SAN DIEGO — A local company said that it can produce crude oil from a process using algae, sunlight, water and carbon dioxide.
Sapphire Energy said that the “green crude” is chemically identical to petroleum and would be compatible with current energy infrastructure, from refineries to pipelines to transportation vehicles.
The company noted that the fuel derived from its green crude is not biodiesel or ethanol, and the process does not use food crops or farmland.
“It’s hard not to get excited about algae’s potential,” said Paul Dickerson, chief operating officer of the U.S. Department of Energy’s (DOE) Office of Energy Efficiency and Renewable Energy. “Algae can flourish in non-arable land or in dirty water, and when it does flourish, its potential oil yield per acre is unmatched by any other terrestrial feedstock.”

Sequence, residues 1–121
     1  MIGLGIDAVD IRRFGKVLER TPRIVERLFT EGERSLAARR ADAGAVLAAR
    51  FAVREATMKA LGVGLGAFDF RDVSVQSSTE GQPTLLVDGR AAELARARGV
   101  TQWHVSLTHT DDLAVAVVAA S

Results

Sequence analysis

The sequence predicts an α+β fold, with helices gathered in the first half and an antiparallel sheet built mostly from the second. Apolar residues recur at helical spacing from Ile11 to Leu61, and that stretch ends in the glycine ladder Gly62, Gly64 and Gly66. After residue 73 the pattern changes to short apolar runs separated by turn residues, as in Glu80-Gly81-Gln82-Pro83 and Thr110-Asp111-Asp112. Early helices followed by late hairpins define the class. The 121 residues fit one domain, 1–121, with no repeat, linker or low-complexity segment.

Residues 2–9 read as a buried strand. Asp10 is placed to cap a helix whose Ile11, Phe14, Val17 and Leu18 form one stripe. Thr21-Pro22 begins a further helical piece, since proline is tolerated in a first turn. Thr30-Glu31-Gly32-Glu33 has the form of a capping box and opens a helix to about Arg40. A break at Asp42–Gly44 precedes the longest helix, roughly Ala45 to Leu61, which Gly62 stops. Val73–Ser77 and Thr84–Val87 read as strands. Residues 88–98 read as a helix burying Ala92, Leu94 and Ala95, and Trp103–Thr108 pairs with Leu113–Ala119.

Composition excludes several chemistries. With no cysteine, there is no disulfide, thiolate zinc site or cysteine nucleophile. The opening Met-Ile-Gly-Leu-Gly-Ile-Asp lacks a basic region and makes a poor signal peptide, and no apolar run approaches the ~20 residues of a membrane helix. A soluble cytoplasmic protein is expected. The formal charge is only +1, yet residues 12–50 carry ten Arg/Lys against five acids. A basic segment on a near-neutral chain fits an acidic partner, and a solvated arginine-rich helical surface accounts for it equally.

Sapphire said that it has used its green crude to produce diesel, 91-octane gasoline and jet fuel.
The company has been collaborating with various organizations, including the DOE’s Joint Genome Project; the University of California, San Diego; the Scripps Research Institute; and the University of Tulsa.
Some energy experts have expressed skepticism about the potential of algae-derived oil in curbing pollutants.
“Emissions reductions may be coming from the refining process, but we would still have emissions issues in and from the vehicle,” California Air Resources Board spokesman Dimitri Stanich told the Los Angeles Times after reviewing a news release from Sapphire.
The Times reported that emissions from Sapphire’s fuels are being tested by an outside company.